Matthew David Grant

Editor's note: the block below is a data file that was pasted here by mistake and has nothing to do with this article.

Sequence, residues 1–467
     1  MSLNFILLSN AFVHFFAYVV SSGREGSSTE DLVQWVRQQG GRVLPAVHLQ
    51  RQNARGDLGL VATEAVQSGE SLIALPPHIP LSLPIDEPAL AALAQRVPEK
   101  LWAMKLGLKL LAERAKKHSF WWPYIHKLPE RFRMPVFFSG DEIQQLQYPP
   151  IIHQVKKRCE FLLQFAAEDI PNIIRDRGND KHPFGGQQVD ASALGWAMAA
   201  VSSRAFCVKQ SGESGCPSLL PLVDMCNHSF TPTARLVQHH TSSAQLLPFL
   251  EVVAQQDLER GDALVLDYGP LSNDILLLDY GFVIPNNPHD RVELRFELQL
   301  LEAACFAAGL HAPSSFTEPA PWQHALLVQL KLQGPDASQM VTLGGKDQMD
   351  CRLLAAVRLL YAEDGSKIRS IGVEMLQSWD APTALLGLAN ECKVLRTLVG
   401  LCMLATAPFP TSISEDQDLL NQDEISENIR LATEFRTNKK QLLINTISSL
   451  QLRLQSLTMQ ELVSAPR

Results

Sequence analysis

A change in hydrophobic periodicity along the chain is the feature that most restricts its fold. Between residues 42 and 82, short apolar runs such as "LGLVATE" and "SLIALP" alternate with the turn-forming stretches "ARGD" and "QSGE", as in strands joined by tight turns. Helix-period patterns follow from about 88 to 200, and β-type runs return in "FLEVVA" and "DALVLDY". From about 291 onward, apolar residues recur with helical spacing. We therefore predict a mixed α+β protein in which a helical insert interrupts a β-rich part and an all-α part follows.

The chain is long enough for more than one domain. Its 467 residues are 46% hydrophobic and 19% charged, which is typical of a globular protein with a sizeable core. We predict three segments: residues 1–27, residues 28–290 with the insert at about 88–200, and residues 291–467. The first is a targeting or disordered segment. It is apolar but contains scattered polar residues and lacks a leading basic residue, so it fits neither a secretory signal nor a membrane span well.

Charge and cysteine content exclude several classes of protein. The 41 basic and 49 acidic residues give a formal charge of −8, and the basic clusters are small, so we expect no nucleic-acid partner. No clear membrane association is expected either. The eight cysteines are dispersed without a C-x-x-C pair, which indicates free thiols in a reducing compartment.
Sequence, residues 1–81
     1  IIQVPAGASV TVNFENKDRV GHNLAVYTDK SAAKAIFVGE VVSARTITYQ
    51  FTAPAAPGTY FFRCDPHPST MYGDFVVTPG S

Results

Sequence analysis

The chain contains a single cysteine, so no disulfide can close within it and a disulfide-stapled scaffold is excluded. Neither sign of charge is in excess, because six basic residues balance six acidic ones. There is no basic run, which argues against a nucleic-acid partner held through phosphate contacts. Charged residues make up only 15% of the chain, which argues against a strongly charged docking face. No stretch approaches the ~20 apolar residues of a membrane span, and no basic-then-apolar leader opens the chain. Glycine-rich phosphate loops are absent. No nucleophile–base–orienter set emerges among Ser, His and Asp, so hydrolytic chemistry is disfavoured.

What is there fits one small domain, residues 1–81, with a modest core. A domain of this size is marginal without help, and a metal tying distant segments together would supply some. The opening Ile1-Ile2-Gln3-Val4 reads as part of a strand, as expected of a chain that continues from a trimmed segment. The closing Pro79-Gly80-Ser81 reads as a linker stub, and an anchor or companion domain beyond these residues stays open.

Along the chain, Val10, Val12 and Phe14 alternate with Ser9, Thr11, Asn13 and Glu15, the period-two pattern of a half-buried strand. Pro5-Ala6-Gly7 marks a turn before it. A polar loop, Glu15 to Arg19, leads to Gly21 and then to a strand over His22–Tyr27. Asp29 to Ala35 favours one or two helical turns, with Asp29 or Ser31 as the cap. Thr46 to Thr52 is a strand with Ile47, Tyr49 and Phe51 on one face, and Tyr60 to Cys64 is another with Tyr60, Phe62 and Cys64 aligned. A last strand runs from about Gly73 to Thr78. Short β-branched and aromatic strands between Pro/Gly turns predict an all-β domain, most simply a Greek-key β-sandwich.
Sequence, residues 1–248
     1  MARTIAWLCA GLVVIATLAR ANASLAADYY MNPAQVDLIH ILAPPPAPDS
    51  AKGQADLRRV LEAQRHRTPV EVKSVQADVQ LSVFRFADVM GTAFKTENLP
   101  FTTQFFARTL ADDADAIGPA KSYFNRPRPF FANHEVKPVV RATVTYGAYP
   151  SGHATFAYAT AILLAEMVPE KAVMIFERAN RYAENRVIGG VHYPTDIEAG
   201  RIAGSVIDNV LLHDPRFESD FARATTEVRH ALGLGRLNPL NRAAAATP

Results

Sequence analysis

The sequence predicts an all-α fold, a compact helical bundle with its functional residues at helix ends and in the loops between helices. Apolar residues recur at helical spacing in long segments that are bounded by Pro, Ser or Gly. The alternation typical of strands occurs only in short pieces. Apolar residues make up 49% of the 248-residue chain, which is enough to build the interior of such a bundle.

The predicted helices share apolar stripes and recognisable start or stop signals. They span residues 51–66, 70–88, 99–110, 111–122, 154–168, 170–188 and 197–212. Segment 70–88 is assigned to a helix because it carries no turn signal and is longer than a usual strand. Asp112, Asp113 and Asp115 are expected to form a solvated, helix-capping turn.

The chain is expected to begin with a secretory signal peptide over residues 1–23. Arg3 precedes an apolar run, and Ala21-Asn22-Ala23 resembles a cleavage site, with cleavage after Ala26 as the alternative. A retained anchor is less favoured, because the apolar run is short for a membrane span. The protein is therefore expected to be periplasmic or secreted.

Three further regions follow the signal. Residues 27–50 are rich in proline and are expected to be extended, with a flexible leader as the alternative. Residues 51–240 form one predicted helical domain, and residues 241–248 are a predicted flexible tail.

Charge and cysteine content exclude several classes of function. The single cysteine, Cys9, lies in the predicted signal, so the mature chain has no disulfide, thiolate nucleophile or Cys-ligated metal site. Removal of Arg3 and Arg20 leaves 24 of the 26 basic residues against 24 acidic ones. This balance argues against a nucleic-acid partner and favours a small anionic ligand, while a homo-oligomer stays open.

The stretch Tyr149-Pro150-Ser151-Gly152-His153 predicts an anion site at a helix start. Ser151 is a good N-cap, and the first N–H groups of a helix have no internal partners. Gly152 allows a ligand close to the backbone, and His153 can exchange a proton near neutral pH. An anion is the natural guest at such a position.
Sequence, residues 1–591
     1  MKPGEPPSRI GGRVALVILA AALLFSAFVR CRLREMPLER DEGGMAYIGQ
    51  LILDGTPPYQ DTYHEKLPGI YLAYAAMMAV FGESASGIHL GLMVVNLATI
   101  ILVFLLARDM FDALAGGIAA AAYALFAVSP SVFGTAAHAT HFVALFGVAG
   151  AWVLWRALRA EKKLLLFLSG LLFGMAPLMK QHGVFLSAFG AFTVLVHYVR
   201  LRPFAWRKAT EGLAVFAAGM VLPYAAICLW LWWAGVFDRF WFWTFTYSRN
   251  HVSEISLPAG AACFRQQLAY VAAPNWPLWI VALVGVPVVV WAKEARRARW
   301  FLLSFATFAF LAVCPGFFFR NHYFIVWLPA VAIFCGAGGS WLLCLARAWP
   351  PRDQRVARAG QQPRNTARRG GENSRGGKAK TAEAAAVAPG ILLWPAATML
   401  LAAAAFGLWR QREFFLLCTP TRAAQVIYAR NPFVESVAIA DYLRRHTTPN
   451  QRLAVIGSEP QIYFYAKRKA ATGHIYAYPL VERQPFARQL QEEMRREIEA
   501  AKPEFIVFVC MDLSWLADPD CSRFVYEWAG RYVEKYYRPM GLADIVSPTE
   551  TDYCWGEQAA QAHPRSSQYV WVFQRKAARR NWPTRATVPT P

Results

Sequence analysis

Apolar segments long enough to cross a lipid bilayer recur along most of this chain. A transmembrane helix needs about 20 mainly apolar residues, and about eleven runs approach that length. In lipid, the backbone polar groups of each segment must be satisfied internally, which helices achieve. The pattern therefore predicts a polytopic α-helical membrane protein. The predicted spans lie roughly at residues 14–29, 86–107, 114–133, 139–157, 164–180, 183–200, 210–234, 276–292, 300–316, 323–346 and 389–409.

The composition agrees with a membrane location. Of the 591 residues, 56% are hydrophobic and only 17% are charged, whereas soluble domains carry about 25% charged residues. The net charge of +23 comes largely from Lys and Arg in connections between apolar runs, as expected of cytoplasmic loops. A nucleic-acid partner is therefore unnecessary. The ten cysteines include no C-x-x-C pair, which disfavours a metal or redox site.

Since I was young, I have always enjoyed art. In my early years I enjoyed drawing superheroes and athletes. At the age of five, I learned how to draw the “S” symbol on Superman’s chest and drew countless pictures of him and other Justice League Characters. As a senior at JJ Pearce High School in Dallas, I won the District Art Competition and then went on the win the Area Grand Prize. When my drawing went on to state, I finished 3rd overall in Texas for the school year of 1992-93. In 1993 I received a half-tuition art scholarship to Southern Utah University. In 2004, I began making efforts to try and become a portrait artist. I bought how-to videos by Daniel Greene and John Howard Sanden. I started with pastels and did several pastel portraits for family and friends. I bought a Canon Digital Rebel and worked on developing my photography skills. In 2005, I picked up oil painting and began making efforts to learn color. In 2006, I went to a workshop hosted by Michael Shane Neal. I also began going out to Santa Fe, NM on business and to visit with Anthony J. Ryder, a well-known Portrait Artist. He taught me many techniques that helped me drastically in overcoming some of my weaknesses. I reached out to Robert Barratt, an Illustration Professor at BYU he told me about a good school he knew of out in San Francisco, the Academy of Art University. I was accepted to the MFA Program in Fine Art Painting and began taking classes in 2009. Over the next several years, I ebbed and flowed with what I wanted to focus on. I came to school with the intention of becoming a Portrait Painter and teaching at a University. In fact, when I came to my midpoint review, my original final project was to do a set of 10 portraits for a portfolio for application to the portrait agencies in the Southeast. By 2012, I was becoming increasingly disenchanted with the idea of doing portraits. It was at this point that I walked into Southwest Gallery in Dallas, TX. I had not considered gallery art at this point, but I did like the idea of painting a genre that I enjoyed and then finding a group of collectors that would appreciate my work. Warren Chang was really my inspiration for this. Living in the Southwest, I have the advantage of being around cattle, longhorns, and working cowboys. Today, I am represented by Southwest Gallery and have a career as an artist focusing on the American West.